BSAFE Practical Safety

STAY SAFE ON BOARD

Published: September 3, 2017

Ship safety – it is about you, the seafarer who lives and breathes safety. How do you rate your own and your colleagues’ safety performance and culture?

Do you feel empowered and feel able to stop work and call attention to an unsafe practice without fear of repercussion? The safety message has to be apparent at all times and everyone needs to be on constant lookout for new hazards and risks associated with day to day activities. It is your attitude and behaviour with respect to the procedures and processes on board the ship which provides the key indication as to whether an effective safety culture exists. Training is key and permits to work and risk assessments should be simple, easy to use and relevant to you – if not, do something about it.

In this issue we return to the subject of accident prevention, particularly the importance of ensuring that you wear the appropriate personal protective equipment (PPE) even when performing routine tasks. There are still too many accidents where PPE was not correctly fitted or used inappropriately. Of course, the general rule is that use of PPE is always a last resort, where risks cannot be avoided or reduced to a safe level by means of collective protection, or safe systems of work. Hand and finger injuries continue to be the most frequent type seen by the Club and the majority are caused by carelessness, lack of planning and not thinking about the potential risks involved when performing a particular task.

In the period 2013-2015, 45% of the injuries recorded by the Club and suffered by you, the seafarers, were fractures and breaks. In total, there were 158 individual cases where someone going about their daily routine tasks suffered injury, sometimes horrendous injury, in situations that could easily have been avoided. Unsurprisingly, a substantial number of these incidents occurred in the engine room, the cargo holds and on weather and tween decks. These are the type of incidents we routinely refer to as slips, trips and falls – however, there is nothing routine about the pain and suffering experienced by seafarers, just like you.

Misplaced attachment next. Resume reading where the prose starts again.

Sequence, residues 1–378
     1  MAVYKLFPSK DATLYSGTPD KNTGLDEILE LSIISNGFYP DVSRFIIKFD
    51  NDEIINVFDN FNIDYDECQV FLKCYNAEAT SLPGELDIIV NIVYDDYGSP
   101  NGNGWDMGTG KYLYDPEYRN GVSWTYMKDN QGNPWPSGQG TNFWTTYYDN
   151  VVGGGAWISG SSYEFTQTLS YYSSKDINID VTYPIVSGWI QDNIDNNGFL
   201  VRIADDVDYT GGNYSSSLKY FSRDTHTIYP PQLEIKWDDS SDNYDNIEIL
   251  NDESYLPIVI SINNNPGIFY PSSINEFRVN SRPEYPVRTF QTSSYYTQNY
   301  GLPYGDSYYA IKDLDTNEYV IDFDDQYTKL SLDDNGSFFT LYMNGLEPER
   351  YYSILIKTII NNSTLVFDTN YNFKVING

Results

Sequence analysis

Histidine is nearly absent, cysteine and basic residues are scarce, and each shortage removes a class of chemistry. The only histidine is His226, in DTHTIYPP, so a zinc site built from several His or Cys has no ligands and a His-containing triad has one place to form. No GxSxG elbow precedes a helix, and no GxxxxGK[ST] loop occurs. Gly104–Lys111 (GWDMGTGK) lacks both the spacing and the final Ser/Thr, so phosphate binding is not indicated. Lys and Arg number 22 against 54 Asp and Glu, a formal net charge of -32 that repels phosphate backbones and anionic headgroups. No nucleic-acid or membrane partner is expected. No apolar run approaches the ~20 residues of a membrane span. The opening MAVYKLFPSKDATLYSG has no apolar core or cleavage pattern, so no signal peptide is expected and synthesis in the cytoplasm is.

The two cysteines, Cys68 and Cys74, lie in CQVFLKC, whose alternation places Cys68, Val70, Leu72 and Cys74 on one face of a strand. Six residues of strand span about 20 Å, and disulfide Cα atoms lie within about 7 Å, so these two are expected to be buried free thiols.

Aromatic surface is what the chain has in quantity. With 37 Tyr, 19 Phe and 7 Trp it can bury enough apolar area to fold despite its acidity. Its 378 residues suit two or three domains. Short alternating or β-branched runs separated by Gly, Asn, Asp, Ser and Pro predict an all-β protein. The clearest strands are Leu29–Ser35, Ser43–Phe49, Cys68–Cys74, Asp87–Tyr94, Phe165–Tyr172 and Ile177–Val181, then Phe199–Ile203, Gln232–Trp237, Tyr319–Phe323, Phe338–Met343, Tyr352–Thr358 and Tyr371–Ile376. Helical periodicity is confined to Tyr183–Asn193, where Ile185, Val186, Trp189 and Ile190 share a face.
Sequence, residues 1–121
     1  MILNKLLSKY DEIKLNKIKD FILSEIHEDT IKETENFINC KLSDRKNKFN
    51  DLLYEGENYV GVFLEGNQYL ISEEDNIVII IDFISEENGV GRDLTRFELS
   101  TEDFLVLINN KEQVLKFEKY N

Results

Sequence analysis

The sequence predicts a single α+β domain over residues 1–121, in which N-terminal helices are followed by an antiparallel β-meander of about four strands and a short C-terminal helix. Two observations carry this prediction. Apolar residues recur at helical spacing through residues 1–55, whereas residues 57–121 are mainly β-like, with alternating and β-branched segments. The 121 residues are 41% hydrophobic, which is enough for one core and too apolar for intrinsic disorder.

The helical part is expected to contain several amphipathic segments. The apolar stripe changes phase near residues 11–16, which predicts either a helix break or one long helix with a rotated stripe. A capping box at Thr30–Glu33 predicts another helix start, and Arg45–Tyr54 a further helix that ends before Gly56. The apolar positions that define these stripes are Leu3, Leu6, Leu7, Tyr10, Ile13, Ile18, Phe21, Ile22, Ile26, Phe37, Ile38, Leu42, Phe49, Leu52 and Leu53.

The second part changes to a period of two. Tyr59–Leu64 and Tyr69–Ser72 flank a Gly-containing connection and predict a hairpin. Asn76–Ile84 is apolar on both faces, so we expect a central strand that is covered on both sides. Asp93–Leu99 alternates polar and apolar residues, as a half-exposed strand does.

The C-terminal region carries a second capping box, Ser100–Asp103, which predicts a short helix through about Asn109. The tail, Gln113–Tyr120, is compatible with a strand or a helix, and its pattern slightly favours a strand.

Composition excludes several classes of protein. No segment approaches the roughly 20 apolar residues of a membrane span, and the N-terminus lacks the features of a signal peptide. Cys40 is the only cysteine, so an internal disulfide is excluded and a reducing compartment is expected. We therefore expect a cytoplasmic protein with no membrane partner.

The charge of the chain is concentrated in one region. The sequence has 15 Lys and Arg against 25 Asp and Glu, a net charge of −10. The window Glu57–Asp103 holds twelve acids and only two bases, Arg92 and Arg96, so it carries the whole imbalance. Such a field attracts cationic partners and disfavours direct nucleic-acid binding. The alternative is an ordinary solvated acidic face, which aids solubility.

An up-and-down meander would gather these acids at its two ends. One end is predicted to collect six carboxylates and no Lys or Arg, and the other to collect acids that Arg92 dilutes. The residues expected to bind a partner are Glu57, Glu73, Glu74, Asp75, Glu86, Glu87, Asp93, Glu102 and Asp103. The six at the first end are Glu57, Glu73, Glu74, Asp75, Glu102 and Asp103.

In this issue we also highlight the fact that junior crew are at a higher risk of having an accident because of their lack of experience and there is often not enough guidance from senior members of the crew. In a recent tragic case, a deck cadet fell from a tween deck where he had been positioned alone after receiving training and risk assessment for the task in hand. The Club also handled a claim where a rating suffered severe burns caused when lighting a barbeque using an epoxy thinner. Can you identify instances on board where safety procedures are ignored? Can you identify work practices where you feel a more junior member of the crew should be accompanied by a more senior member of the team, even if in general safety awareness is high?

Recently in the UK, the press recorded the bizarre case of a man who choked to death as he tried to eat a McDonald’s cheeseburger in one mouthful. Unfortunately, his friends were unable to help him when this prank went disastrously wrong. While this is an extreme example, would you be able to help a colleague if food was digested the wrong way and your colleague began to choke? In this issue we explore a number of scenarios under the heading “what to do if someone…” If you have any questions or comments about any of the articles in this issue, please do not hesitate to contact us using the email address on the back cover.

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